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To begin your search, go to the alphabetical index below and click on the first letter of the word you are searching for.

apostrophe: contractions

In informal writing, use apostrophes to replace omitted letters in contractions. The most common contractions in English involve verbs.

The contraction ‘d is short for the verb had or would:

  • You’d (You had) better pay that bill today.
  • He’d (he had) already left before the others arrived.
  • We’d (we would) like to invite you to our wedding.

The contraction ‘ll is short for the verb will or shall:

  • We’ll (We will/shall) see you at the next meeting.
  • They’ll (They will) drive Karen home.

The contraction ‘m is short for the verb am and is used only with the subject I:

  • I’m late!
  • I’m doing my best.

The contraction n’t is short for the adverb not; it is attached to a helping verb:

  • They won’t (will not) be here until after 7 p.m.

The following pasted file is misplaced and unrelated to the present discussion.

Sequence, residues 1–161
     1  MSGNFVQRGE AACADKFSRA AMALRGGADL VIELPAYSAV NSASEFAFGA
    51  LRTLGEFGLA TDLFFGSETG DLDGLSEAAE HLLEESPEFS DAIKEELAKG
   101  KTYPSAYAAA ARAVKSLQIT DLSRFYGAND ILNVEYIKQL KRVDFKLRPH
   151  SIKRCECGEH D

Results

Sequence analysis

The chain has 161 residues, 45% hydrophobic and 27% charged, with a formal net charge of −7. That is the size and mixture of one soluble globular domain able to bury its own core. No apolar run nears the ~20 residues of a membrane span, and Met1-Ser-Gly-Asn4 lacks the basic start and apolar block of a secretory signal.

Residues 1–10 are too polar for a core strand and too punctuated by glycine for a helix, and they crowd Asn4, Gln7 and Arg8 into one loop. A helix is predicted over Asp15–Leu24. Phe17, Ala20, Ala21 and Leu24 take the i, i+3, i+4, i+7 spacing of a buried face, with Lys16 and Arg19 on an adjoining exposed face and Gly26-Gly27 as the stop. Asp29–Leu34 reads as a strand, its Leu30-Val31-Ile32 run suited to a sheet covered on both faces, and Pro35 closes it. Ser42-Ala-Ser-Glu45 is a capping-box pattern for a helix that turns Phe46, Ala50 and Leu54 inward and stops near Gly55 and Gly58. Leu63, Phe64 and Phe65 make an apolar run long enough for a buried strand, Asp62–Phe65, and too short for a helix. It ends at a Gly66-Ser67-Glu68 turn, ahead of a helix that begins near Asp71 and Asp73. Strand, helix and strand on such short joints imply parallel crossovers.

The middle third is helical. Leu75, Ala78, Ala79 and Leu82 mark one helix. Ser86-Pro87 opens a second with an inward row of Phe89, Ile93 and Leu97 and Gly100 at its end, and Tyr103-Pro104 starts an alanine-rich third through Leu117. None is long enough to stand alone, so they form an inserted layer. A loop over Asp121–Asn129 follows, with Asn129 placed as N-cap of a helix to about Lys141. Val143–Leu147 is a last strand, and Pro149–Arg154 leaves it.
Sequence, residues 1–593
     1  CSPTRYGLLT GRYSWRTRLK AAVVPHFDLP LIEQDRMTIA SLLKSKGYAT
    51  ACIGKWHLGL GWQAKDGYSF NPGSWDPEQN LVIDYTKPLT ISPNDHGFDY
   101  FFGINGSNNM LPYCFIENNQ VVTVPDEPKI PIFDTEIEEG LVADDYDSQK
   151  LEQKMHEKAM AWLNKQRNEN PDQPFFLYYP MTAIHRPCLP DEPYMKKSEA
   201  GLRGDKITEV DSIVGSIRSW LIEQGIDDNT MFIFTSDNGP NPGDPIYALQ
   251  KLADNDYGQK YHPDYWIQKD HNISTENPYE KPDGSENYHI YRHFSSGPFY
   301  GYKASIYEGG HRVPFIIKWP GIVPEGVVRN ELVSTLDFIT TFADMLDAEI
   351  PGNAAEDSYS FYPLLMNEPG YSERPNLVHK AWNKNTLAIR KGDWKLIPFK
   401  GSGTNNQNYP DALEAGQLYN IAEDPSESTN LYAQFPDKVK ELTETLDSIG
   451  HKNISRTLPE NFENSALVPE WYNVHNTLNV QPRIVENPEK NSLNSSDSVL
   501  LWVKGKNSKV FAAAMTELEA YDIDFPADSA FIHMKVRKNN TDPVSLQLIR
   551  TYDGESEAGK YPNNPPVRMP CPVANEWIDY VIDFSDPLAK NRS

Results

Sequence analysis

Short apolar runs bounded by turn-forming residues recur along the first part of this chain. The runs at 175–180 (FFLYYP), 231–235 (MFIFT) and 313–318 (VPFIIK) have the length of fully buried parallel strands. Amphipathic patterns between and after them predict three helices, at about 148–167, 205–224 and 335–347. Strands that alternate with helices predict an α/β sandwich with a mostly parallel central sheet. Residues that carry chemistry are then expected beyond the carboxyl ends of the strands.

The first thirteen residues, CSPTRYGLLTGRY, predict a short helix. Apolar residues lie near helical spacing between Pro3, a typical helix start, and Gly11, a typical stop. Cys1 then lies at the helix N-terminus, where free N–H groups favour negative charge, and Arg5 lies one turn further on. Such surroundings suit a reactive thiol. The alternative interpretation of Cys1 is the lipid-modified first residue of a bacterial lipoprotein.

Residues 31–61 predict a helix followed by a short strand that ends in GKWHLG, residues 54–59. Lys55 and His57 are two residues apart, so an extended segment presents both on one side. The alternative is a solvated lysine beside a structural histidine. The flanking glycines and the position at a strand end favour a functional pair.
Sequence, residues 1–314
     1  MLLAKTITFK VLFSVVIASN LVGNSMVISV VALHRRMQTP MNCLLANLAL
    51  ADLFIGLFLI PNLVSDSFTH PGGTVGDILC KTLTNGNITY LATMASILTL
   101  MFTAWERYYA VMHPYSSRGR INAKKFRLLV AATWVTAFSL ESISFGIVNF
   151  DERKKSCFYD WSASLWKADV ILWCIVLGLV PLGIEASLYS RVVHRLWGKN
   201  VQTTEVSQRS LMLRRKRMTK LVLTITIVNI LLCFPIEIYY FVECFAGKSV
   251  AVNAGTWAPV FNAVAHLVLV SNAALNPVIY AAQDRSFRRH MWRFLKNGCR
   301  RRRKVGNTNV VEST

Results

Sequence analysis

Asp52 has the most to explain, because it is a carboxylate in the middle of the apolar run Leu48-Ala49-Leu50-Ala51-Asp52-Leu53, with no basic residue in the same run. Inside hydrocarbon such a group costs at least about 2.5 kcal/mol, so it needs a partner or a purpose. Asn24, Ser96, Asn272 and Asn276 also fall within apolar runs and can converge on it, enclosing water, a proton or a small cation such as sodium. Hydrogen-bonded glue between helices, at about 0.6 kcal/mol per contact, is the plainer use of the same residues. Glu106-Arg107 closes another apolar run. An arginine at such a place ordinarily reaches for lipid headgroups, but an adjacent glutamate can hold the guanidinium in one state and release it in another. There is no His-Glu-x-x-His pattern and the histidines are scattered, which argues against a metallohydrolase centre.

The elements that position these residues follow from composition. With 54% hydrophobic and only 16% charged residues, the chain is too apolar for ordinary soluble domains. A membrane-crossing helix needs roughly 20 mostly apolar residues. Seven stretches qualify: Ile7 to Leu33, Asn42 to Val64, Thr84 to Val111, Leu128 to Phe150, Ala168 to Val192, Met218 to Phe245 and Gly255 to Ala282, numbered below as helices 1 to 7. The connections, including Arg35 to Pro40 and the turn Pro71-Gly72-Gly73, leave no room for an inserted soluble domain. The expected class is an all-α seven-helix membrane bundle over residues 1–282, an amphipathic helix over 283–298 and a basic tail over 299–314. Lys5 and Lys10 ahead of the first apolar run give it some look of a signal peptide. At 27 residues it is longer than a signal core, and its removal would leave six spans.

• You can’t (cannot) do that.
  • We didn’t (did not) find the keys.

The contraction ‘re is short for the verb are:

  • You’re (You are) parked in my spot.
  • We’re (We are) wondering whether to enter the dance contest.

The contraction ‘s is short for the verb is or has, or for the pronoun us in Let’s:

  • It’s (It is) the best of its kind.
  • John’s (John is) flying to Toronto this morning.
  • Miriam’s (Miriam has) already left.
  • Let’s (Let us) plan a trip to Banff this winter.

The contraction ‘ve is short for the verb have:

  • They’ve (They have) sent us a letter.
  • You should’ve (should have) invited your cousin.
  • Josie couldn’t’ve (could not have) done all that work already!

Note the differences in spelling between these contractions and their homonyms:

  • it’s (it is) vs. its (belonging to it)
  • you’re (you are) vs. your (belonging to you)
  • they’re (they are) vs. their (belonging to them) or there (in that place)
  • who’s (who is) vs. whose (belonging to whom)